Global trade has had trouble recovering following The Great Recession and financial crisis. While there was a spike in global trade following The Great Recession, global trade has seen the leading indicator from Morgan Stanley in negative territory since January 2015.
Here is another view of global trade. Back to 1955 in terms of global real trade growth to global real GDP growth.
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Another indicator of global growth (and trade) are base commodities (West Texas Intermediate Crude Oil, iron ore and copper) and the Baltic Dry shipping (cost) index. Notice that base commodities collapsed during The Great Recession then rose again and peaked in early 2011.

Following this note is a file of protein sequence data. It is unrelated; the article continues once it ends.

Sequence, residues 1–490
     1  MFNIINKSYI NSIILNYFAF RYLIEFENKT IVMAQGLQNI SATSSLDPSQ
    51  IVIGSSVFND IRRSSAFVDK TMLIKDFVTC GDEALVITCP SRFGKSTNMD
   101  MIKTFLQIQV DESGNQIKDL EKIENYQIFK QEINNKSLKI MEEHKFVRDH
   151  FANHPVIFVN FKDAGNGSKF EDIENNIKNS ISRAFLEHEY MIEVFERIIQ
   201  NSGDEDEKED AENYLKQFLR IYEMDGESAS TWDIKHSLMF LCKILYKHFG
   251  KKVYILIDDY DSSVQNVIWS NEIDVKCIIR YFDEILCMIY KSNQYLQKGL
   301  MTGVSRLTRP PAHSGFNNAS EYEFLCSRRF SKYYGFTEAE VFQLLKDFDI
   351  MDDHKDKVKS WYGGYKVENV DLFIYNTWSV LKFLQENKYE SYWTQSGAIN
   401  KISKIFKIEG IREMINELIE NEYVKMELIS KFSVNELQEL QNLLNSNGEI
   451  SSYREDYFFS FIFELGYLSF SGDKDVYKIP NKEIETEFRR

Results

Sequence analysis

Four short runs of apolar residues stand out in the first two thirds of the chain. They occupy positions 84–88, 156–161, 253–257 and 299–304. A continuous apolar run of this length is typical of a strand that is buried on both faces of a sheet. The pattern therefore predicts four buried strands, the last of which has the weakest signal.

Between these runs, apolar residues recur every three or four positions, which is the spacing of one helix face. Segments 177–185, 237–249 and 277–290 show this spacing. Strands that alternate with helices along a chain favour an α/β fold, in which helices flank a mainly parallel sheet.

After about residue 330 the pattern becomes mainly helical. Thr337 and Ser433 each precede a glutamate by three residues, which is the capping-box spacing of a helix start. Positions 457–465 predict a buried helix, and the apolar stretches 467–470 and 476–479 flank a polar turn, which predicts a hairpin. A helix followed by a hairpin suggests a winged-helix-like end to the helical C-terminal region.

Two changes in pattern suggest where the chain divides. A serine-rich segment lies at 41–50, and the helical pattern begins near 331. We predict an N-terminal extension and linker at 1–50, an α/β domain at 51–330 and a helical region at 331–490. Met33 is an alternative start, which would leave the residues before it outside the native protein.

But it has been mostly downhill for base commodity prices since 2011. Although 2016 has seen a rise in crude oil prices. But compare the current level of WTI crude oil at just under $50 to the over-$100 levels as recently as July 2014.
Of course, the United States eternal quest for regulation and control isn’t helping.
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